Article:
Riaz Haq said...

Here's a Business Standard report on HDI 2013 in South Asia:

Of 187 countries, India's Human Development Index (HDI), essentially a composite measure of health, education and income, rank stands at 136, on a par with Africa's Equatorial Guinea and just above Cambodia and Laos in Southeast Asia. Even over a longer period (between 2000 and 2012), it registered average annual HDI growth of 1.50 per cent, lower than Pakistan's (1.74 per cent).

Viewed in the context of the BRICs grouping (Brazil, Russia, India and China), India's standing is much below its peers - China is ranked 101st, Russia 55th and Brazil 85th. In fact, India remains squarely stuck at the bottom end of the second-lowest category in the report -Medium Human Development - even as neighbour Sri Lanka (99) moves a step higher towards becoming a "high human development" nation.

A closer look at India's performance reveals more inadequacies, especially in education. Though the country's life expectancy at birth, mean years of schooling and per capita GNI are comparable to peers, India's "expected years of schooling" is significantly below others, including Vietnam, Bhutan and even Swaziland.

Gender inequality
India is no easy country for women. The Human Development Report's Gender Inequality Index, which assesses gender-based inequalities based on reproductive health, empowerment and economic activity, ranks India 132nd out of 148 countries, below Bangladesh (111) and Pakistan (123).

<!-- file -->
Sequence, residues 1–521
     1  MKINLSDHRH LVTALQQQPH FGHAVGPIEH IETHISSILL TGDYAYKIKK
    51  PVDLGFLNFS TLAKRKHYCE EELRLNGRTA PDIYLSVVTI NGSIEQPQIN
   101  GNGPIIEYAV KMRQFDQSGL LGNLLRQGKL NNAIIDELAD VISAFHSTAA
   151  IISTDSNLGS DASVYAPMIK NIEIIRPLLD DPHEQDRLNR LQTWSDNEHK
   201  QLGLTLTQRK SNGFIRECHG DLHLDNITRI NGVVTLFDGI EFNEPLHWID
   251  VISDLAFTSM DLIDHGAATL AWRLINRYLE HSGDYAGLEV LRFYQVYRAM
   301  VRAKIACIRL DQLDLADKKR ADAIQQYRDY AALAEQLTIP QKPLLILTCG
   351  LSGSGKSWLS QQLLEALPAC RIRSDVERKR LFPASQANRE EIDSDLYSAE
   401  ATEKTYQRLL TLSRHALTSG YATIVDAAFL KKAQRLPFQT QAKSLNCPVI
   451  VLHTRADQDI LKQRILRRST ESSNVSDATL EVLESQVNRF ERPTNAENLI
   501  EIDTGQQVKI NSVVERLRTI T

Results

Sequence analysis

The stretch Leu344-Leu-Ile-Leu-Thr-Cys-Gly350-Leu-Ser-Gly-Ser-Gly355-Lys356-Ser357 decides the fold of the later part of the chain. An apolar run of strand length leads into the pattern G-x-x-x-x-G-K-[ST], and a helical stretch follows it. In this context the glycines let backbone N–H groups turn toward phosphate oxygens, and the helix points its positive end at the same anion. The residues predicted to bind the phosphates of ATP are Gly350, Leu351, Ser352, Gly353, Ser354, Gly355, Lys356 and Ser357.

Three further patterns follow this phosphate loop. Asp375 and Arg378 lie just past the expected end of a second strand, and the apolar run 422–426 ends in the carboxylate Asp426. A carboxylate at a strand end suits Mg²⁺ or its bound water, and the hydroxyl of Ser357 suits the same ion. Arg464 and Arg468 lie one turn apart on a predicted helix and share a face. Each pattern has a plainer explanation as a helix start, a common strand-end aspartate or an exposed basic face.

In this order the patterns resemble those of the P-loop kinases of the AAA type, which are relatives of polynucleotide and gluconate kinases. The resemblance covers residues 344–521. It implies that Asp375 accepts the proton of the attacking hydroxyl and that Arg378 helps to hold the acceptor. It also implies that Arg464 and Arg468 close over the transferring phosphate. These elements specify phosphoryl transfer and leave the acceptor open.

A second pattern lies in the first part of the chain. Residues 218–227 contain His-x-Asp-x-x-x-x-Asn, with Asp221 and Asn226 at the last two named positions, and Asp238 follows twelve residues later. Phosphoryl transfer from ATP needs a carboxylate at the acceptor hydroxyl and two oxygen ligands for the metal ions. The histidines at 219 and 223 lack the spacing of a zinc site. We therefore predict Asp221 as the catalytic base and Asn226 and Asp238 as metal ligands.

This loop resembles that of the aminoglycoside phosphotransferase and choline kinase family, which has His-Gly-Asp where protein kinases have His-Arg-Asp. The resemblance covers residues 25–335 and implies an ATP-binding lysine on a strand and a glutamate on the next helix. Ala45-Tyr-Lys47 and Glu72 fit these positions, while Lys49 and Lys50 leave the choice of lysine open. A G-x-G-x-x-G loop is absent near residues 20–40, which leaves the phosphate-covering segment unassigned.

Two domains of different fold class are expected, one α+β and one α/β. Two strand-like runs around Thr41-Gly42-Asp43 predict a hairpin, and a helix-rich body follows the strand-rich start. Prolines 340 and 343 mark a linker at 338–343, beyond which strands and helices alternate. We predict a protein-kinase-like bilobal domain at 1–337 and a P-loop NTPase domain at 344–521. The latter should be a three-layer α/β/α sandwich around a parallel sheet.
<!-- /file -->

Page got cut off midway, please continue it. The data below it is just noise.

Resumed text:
"26.6 per cent of adult women have a secondary or higher level of education, compared to 50.4 per cent of their male counterparts (in India)," said an explanatory note. "Female participation in the labour market is 29 per cent, compared with 80.7 per cent for men."

Difficult future?
Though the report recognises key initiatives undertaken in India in recent years - particularly reforms in the education system, the direct cash transfer programme, a rise in social sector spending, public-private-partnerships across sectors and growing connectivity -vital concerns remain.

"India has the most projected child deaths over 2010-2015, about 7.9 million, accounting for nearly half the deaths among children under five in Asia," the report said. "China has more people than India, but is projected to have less than a quarter (1.7 million) the number of child deaths over 2010-2015."

India also has to contend with a substantial, uneducated population, possibly partly counteracting the country's feted demographic dividend. "Despite the recent expansion in basic schooling and impressive growth in better educated Indians, the proportion of the adult population with no education will decline only slowly," the report predicted.

"Even under an optimistic fast-track scenario, which assumes education expansion similar to Korea's, India's education distribution in 2050 will still be highly unequal, with a sizeable group of uneducated (mostly elderly) adults."


Hopewins said...

^^RH: "Here's a Business Standard report on HDI 2013 in South Asia.."

Don't work blind. Use actual data.

Iqbal Singh said...

"Even over a longer period (between 2000 and 2012), it registered average annual HDI growth of 1.50 per cent, lower than Pakistan's (1.74 per cent)."